Aside from these chairs being made from a warehouse of old chairs on which the elements watered and muddied repeatedly, this one also includes parts of a failed earlier sculpture. Doubly recycled.
Don’t know how I was able to do this. I really believed that mistakes carry their own aura, projecting their miserable selves. They are no good to anybody, anyway. Get them out of your sight. A former instructor advised getting old drawings out of your line of vision in the studio. It was not good enough to simply turn their faces to the wall. They could do you dirty and make you produce more failures.
A kid’s story I remember was how the answers to all uncorrectly worked math problems struggled to keep themselves in the equation and from jumping off the page. Mistakes struggle in the world.
When did the tide turn with this idea? I had a very difficult time during my textile career in recycling work which was not finished. I can only remember putting down one major embroidery piece and then picking it back up years later. It finished with a very unique composition and sold right away.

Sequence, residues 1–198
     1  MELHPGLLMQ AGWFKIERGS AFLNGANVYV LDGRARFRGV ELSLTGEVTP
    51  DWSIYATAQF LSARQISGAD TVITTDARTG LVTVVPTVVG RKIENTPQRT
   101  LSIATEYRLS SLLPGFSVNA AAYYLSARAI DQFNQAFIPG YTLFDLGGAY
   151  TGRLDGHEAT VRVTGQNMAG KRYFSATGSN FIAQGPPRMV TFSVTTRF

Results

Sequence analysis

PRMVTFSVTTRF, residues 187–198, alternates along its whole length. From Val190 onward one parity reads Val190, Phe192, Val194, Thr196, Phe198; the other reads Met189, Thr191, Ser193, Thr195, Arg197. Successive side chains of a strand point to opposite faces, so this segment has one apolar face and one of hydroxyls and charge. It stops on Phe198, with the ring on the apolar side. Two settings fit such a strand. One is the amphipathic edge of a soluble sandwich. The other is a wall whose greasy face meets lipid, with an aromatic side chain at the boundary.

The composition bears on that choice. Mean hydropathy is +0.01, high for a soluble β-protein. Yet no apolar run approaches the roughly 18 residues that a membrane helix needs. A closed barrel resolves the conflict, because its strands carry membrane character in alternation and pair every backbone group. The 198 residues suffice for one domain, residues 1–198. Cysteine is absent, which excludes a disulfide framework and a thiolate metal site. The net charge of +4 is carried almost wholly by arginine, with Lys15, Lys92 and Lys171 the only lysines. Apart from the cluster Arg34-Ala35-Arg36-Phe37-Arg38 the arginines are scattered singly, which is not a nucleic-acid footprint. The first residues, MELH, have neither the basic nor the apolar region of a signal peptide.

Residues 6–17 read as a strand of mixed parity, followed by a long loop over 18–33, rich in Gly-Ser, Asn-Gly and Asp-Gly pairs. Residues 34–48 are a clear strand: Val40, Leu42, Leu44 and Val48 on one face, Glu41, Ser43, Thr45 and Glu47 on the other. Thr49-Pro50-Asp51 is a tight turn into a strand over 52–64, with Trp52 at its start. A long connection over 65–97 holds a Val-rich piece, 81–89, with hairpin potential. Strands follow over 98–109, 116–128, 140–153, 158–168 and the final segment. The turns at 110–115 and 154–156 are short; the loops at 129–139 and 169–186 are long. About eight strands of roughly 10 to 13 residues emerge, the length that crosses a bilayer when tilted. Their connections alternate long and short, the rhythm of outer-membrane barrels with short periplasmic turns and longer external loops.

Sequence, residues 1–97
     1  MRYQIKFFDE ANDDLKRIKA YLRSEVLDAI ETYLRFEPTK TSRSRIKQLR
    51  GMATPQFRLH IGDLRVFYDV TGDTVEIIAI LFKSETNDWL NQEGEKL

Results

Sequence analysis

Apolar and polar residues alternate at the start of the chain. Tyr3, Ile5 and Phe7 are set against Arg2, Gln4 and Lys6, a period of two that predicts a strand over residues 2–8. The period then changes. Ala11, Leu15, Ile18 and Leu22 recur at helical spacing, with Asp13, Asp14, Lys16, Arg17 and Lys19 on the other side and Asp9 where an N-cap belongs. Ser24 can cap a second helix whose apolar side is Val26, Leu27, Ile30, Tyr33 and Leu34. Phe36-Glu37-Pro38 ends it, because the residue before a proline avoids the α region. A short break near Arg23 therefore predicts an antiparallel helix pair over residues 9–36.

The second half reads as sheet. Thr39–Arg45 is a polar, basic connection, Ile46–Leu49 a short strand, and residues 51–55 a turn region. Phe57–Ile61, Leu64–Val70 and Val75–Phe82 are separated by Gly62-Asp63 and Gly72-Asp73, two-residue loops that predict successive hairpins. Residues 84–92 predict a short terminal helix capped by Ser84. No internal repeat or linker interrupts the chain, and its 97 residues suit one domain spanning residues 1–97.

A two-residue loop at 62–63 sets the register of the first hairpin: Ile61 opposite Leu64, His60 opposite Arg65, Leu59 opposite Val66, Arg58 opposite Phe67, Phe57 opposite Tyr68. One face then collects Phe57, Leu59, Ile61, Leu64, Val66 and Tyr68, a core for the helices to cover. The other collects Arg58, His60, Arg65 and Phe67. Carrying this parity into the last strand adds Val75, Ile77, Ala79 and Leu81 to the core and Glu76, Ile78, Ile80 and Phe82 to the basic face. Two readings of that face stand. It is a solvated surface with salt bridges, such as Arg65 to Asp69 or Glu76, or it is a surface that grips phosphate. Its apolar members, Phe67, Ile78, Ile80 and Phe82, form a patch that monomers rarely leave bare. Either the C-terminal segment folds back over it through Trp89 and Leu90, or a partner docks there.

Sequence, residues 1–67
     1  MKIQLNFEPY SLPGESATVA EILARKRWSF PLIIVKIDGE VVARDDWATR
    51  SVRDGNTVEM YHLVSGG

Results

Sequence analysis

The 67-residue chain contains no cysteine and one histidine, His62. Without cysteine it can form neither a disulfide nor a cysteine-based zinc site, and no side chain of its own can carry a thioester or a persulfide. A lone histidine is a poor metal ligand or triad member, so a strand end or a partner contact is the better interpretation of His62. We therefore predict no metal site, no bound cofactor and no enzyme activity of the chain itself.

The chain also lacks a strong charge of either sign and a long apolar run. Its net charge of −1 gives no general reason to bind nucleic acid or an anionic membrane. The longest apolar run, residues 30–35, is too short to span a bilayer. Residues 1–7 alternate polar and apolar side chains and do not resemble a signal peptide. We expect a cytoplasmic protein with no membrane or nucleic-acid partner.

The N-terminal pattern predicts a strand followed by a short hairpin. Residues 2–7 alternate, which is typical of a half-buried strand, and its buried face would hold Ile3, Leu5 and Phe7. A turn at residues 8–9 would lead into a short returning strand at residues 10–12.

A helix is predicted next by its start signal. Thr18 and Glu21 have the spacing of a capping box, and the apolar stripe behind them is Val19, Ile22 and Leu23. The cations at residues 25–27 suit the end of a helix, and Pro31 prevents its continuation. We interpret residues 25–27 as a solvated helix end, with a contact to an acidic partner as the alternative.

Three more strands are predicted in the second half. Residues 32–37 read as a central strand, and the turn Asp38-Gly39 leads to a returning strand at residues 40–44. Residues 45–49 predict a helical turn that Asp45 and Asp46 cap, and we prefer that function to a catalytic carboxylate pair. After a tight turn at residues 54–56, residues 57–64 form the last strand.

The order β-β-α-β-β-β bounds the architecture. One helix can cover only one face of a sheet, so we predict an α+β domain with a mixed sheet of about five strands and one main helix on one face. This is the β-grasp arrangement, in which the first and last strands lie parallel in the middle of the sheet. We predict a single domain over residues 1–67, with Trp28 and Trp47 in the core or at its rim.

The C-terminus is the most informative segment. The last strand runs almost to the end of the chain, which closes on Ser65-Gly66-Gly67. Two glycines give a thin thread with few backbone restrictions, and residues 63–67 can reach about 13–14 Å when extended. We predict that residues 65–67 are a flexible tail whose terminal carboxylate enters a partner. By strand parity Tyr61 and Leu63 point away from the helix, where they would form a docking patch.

My husband walked into the studio when I was finishing that failed wooden sculpture. He said “Whoa!”, which is more than he normally says unless I ask for a critique. It was a shocking reaction. The piece looked interesting to me as I produced it, but when finished it was underwhelming and too predictable. It was never photographed.
Above on the right is part of that failure. Can you see the two chair armrests that have scribbling on them made with a Dremel tool? That part is lighter than the rest of the chair. I actually removed the armrests from my personal studio chair for this use. Such sacrifice!
The recycled part is to the left of this image. And below is another chair that made use of the rest of that failed sculpture.
This one is now on display at the SC State Museum in Columbia.